A player for the Paris Saint-Germain women’s soccer team was arrested Wednesday in France in connection with an attack on one of her teammates, the club said.
The player, midfielder Aminata Diallo, 26, was taken into police custody as part of an investigation “following an assault last Thursday evening against the club’s players,” the club said in a statement. It did not name the injured player.
“Paris Saint-Germain condemns in the strongest possible terms the violence committed. Since the evening of Thursday, Nov. 4, the club has taken all the necessary measures to guarantee the health, well-being and safety of its players,” the club said.
Diallo replaced her injured teammate, Kheira Hamraoui, for a European Champions League game Tuesday against Real Madrid.
The French sports newspaper L’Equipe was the first to report that the arrest was in connection with a violent attack on Hamraoui, a PSG midfielder, last Thursday.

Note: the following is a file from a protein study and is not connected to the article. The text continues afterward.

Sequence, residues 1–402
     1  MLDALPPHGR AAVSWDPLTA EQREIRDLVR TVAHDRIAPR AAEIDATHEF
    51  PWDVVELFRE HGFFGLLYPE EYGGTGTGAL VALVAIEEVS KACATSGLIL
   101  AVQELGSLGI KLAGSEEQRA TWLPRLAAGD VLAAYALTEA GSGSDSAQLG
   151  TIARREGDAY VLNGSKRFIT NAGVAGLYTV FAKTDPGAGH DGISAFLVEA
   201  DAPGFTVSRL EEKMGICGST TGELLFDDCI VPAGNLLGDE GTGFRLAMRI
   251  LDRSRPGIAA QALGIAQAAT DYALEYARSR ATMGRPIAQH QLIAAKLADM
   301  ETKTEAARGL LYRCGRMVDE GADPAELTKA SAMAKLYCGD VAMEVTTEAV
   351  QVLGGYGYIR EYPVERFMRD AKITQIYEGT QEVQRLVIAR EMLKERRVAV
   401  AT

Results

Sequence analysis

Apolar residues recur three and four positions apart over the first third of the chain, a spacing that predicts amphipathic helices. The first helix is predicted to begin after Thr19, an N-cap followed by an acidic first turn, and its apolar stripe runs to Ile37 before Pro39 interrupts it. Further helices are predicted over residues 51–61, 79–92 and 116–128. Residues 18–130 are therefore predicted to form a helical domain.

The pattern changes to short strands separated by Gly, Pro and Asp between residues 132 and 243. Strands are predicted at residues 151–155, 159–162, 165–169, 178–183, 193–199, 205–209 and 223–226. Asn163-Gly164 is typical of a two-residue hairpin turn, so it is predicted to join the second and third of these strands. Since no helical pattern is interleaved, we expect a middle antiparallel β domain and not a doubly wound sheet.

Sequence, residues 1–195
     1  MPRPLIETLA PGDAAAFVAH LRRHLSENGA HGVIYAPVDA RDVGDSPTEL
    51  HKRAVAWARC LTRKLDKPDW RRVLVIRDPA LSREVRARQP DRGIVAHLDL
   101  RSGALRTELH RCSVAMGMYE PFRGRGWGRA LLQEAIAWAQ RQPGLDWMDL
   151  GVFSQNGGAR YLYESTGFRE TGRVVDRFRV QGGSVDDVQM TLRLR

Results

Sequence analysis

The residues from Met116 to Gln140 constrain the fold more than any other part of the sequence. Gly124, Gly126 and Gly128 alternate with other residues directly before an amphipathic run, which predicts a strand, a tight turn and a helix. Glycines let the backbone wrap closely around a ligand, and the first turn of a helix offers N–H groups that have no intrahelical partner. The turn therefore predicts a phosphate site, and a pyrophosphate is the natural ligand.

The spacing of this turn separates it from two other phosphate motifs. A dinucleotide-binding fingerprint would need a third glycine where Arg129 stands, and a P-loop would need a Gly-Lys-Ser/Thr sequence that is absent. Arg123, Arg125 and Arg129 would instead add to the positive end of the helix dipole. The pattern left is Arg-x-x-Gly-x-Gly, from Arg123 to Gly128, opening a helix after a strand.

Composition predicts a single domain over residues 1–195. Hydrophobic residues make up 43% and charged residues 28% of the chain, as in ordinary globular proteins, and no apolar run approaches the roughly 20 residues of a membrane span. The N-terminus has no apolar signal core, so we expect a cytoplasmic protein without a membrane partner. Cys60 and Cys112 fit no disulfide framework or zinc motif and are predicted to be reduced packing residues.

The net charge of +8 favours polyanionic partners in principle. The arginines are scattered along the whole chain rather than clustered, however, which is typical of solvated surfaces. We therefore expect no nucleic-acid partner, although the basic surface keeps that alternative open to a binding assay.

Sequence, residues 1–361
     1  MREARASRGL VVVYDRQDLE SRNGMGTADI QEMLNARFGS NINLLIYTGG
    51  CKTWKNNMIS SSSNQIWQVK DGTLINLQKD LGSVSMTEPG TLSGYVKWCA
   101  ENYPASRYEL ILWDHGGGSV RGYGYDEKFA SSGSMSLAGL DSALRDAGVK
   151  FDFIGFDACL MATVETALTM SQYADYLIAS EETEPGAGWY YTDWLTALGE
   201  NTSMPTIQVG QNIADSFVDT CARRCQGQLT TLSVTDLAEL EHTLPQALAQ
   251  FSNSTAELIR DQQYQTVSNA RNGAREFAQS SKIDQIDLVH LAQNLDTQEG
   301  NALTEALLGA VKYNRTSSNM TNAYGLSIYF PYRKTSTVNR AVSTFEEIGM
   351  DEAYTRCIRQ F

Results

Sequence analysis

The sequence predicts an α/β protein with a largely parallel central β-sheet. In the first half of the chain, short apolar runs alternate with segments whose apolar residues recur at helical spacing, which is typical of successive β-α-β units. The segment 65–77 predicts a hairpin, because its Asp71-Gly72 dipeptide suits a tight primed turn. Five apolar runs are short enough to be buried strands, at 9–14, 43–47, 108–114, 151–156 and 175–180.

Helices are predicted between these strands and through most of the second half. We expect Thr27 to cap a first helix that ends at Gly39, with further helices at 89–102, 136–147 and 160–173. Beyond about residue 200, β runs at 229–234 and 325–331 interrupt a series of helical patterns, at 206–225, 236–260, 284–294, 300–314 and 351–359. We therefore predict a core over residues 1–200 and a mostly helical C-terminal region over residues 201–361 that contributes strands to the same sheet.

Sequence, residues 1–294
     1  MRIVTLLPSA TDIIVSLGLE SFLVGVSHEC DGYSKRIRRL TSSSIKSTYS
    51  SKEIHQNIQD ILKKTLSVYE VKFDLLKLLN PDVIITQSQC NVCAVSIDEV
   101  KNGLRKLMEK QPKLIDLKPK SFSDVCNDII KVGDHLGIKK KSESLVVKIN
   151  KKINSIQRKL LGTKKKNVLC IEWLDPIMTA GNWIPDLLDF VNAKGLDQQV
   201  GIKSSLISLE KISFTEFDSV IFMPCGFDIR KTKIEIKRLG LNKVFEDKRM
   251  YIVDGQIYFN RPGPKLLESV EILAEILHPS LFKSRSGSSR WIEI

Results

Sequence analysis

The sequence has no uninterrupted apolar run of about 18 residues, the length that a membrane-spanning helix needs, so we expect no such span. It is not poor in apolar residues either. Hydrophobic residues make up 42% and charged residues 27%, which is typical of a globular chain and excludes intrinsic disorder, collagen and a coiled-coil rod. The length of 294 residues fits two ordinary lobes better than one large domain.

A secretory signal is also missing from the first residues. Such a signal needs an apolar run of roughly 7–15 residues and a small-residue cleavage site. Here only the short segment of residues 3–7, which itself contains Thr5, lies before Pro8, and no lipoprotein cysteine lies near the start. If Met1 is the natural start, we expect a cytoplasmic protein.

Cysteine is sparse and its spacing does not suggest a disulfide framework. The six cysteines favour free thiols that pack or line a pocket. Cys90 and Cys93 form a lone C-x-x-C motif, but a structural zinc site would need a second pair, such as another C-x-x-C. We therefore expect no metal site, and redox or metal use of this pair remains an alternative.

After a team dinner organized by PSG, Hamraoui was in a car driven by Diallo when two masked men are alleged to have appeared around 10:30 p.m., pulled her from the passenger seat and hit her in the legs with an iron bar, the newspaper reported. The assault lasted a few minutes, and the attackers fled, L’Equipe reported, citing sources familiar with the incident.
Hamraoui, 31, suffered injures to both of her legs and hands, the newspaper reported.
“PSG is working closely with the Versailles SRPJ (Service Régional de Police Judiciaire) to shed light on the facts,” the club said, adding that it will consider what action to take.
The incident appears to echo the 1994 Tonya Harding scandal.
In January 1994, Harding’s ex-husband Jeff Gillooly orchestrated an attack on her skating rival Nancy Kerrigan, who was hit in the legs with a baton and forced to withdraw from the U.S. Figure Skating Championships. Harding ended up winning the competition.
She pleaded guilty to conspiracy to hinder prosecution in March 1994, and Gillooly was sentenced to prison. Harding was banned for life from the U.S. Figure Skating Association in June 1994.